French Rogue Trader Kerviel Behind Bars
A French rogue trader convicted for his role in the near collapse of Societe Generale bank has been detained after spending two months on a protest walk.
Jerome Kerviel journeyed from Rome to the Italian border town of Ventimiglia to demonstrate against "the tyranny of the markets", portraying himself as a simple soul caught up in an orgy of greed.
He said his protest march was inspired by the Pope, who he met at the Vatican in March.
The 37-year-old made the journey while awaiting the outcome of a legal appeal against a three-year prison term for unauthorised trading.
French authorities had earlier warned that if he did not show up to begin his sentence by midnight on Sunday "he will be considered a fugitive" and a Europe-wide warrant would be issued for his arrest.
Kerviel denies accusations he absconded.
"I have never been a fugitive; I have always taken responsibility for my actions," he said after leaving his hotel in†Ventimiglia†dressed in hiking clothing and a backpack.
"I am walking and I am going back to France."
As he approached the French-Italian border accompanied by supporters and journalists he said: "I will present myself to the first police officer I see.
"I have not lost, I've spent a beautiful day with people close to me, I'm happy, I'm free. I'll turn myself in to the police and the authorities."
Kerviel had spent the last two nights in Ventimiglia, refusing to return to France to begin his sentence until President Francois Hollande intervened in his case.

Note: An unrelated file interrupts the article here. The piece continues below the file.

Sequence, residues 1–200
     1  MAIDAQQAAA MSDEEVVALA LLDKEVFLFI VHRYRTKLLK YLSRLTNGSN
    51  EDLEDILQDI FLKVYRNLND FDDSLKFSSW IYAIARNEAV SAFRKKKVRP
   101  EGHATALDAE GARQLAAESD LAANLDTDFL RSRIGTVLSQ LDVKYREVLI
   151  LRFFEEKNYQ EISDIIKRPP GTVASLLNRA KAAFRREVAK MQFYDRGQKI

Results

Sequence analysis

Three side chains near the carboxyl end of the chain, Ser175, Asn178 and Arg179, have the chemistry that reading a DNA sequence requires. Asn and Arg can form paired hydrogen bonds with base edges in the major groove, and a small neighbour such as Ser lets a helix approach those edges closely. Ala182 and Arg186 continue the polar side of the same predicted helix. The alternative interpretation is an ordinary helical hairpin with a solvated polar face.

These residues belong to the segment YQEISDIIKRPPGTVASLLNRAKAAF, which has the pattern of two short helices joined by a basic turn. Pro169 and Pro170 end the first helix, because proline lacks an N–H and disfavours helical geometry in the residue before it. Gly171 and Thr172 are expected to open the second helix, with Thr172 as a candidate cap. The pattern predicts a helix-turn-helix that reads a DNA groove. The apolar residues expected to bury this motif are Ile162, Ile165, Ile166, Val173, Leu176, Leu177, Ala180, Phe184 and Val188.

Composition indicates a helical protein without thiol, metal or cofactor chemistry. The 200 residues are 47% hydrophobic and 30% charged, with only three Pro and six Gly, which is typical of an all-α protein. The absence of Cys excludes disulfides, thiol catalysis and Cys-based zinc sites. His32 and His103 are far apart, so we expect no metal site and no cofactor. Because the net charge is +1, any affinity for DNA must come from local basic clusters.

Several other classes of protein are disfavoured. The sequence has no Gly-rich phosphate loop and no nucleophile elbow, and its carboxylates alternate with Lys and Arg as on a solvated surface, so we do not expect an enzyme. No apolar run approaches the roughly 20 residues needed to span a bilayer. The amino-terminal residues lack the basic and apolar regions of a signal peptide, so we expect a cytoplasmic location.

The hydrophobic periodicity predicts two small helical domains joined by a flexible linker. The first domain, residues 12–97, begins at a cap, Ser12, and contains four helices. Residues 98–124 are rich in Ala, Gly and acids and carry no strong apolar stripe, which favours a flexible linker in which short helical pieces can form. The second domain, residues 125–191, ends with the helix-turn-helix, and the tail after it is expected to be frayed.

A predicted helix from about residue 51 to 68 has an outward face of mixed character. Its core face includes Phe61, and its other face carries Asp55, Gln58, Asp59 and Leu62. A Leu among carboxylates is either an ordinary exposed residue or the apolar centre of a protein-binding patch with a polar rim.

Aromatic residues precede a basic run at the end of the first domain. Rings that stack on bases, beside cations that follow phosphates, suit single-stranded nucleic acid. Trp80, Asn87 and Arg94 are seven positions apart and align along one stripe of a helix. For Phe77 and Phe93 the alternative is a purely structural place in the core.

But as the midnight deadline approached he continued on towards the Riveria border town of Menton, where he was apprehended by police and driven away.
After an overnight stay in a police station there, he was transferred to a prison in the nearby city of Nice on Monday morning.
Kerviel told reporters he was not seeking a pardon but wanted to reveal "the serious failings" that led to his conviction and to ask for immunity for potential witnesses who could testify in his favour.
The former junior trader was sentenced in 2008 for bringing his employer Societe Generale to the verge of bankruptcy following a series of risky trades which involved up to 50 billion euros†(£40.7bn) of the bank's money.
Kerviel insisted his bosses were just as much to blame for the scandal and that he was just "an ordinary person".
"I am not crazy," he told officials investigating the trades, adding: "I didn't earn millions (in salary) and I didn't drive a Porsche."
Kerviel has become something of a cause celebre in France. He has won support from prominent left-wingers and leading figures in the Catholic Church who believe he has been unfairly made a scapegoat for the shortcomings of a corrupt financial world.
But finance minister Michel Sapin described Kerviel as a criminal.
"The crook is caught, the crook is convicted, the crook should of course serve his sentence," Mr Sapin said on LCI television.